Are your posts mostly attacking, criticizing, and judging those who are not like you? Are your posts using the name of God in vain? Are your posts motivated by personal spite? Do you enjoy and seek for arguments with other people? Can you not refrain yourself from writing comments under certain posts? Are you constantly fighting and arguing with other pastors? What makes you think that it is godly and appropriate to so publicly engage in pointless quarrels?
Paul said that pastors must be, “blameless, not soon angry” (Tit. 1:7)—how many pastors have disqualified themselves from the pastorate? The world is watching you. Let your words show Christ.
Let our example show
What a terrible testimony it is for the sake of the kingdom, when we lead in a way that is so contrary to that in which Jesus led. We have equated church growth to corporate growth.
How do you speak to your staff? How do you treat them? Why do you set certain expectations for them? Is it because you care for the well-being of the church, or the advancement of your vision?
We have strayed so far from the example that Jesus gave us. Biblical leadership is service. Biblical leadership demands humility. It requires that you die to your plans, dreams, and expectations.
Let’s be honest here. Twitter, Facebook, and Instagram showcase the “big and the famous.” We want to be like them. We subscribe to their podcasts, newsletters, or YouTube channels. We want to do what they do so that we can achieve the same results.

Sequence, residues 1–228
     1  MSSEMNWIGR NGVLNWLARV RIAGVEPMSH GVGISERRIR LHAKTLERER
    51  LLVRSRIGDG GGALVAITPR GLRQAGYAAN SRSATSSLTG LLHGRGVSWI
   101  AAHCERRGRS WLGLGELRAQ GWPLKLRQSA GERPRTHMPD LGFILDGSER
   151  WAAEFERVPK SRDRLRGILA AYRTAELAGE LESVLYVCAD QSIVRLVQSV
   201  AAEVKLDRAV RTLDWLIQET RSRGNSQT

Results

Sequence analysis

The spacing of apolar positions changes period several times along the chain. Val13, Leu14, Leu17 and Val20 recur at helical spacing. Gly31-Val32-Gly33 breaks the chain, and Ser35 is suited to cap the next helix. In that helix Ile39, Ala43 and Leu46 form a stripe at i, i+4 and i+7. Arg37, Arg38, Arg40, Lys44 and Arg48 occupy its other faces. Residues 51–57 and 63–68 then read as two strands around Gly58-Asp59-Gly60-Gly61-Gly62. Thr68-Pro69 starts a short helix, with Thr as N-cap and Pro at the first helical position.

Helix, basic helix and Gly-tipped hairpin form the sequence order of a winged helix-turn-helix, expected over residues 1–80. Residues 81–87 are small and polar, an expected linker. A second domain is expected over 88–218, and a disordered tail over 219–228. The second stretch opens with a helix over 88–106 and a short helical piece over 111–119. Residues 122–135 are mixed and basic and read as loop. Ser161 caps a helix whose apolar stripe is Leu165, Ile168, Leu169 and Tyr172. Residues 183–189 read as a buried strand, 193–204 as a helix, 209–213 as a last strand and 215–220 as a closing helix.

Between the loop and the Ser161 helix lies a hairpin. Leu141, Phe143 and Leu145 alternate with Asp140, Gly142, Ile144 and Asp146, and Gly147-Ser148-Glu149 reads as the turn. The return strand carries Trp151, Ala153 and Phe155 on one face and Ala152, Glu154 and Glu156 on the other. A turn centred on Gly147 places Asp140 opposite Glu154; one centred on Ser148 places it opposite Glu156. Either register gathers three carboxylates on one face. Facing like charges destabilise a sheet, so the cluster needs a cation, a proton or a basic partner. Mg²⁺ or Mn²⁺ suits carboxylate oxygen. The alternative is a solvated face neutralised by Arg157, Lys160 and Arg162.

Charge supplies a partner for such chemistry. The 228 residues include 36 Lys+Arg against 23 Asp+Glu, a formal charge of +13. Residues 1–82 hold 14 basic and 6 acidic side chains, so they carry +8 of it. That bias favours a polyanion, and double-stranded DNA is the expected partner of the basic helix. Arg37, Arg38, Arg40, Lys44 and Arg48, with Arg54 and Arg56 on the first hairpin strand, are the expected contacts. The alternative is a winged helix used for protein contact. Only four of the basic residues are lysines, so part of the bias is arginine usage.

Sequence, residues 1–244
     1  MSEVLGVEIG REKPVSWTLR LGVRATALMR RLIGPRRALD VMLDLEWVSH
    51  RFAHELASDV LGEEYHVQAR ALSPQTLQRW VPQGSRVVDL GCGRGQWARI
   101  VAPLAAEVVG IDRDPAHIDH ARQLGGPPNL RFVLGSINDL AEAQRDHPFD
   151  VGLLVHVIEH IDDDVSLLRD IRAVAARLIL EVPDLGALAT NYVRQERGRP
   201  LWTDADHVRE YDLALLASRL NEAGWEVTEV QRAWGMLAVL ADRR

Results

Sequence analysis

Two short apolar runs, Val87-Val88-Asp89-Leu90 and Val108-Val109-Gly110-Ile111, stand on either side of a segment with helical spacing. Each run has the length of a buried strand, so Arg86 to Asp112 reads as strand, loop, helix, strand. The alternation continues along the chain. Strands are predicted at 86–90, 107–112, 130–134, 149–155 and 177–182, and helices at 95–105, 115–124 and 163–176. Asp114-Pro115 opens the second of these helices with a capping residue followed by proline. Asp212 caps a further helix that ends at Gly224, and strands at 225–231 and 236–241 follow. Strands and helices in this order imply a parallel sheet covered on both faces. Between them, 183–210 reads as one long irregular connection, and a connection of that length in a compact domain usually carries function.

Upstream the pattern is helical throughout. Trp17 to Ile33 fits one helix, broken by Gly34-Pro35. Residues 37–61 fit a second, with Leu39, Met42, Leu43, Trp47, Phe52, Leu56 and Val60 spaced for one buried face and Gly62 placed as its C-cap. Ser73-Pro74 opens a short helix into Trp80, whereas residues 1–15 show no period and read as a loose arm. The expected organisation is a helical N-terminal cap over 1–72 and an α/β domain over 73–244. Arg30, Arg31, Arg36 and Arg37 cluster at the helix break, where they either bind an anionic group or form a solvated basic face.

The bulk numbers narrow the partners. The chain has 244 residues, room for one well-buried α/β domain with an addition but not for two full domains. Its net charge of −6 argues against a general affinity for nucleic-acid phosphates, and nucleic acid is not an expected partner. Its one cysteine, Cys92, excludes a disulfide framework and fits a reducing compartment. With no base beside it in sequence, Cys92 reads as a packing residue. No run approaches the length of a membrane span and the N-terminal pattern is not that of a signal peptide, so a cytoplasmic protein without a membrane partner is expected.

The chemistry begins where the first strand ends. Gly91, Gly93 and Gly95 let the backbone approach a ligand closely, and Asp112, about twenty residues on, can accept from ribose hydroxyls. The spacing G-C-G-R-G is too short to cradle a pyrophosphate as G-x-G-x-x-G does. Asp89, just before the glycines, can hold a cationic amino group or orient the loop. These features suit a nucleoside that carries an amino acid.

We push our staff to work harder and longer. We want more people, more viewers, better website, more visits. We become domineering, arrogant, dictatorial. Our leadership style often displays our heart’s desire. We strive for that which we consider valuable. Your staff is watching. Let your example show Christ.
Let our preaching show
Don’t you hate it when you are listening to a podcast, and it takes forever for them to speak about the subject? Friend, the world needs God’s Word desperately. Why would we hold it any longer? Unleash the Word, let the gospel run freely, and get out of God’s way! God doesn’t need you to change America. God doesn’t need you to change your church people. America, your church people, and the world need the Word.
Your preaching is not the opportunity to criticize, judge, and be opinionated. The world already has that—from thousands of politicians, influencers, pundits. God placed you in your church to preach. Preach expositionally, explaining the authorial intent, and working well both exegetically and hermeneutically. Be diligent, don’t easily fall into the temptation to use your pulpit to talk about the latest news. Jesus deserves every single minute of your preaching time.
Remember when Martha poured a costly perfume on Jesus? Some were upset about the “waste” of money. Jesus rebuked them by saying, “Let her alone; why trouble ye her? she hath wrought a good work on me. For ye have the poor with you always, and whensoever ye will ye may do them good: but me ye have not always,” Mk. 14:5, 6.
In a similar sense, when preaching, Jesus deserves our all. We will always have more news, more elections, more politicians, more “stuff” to talk about. But when it comes down to preaching, Jesus deserves every single minute. Put everything aside, and preach the Word. Your people are watching. Let your preaching show Christ.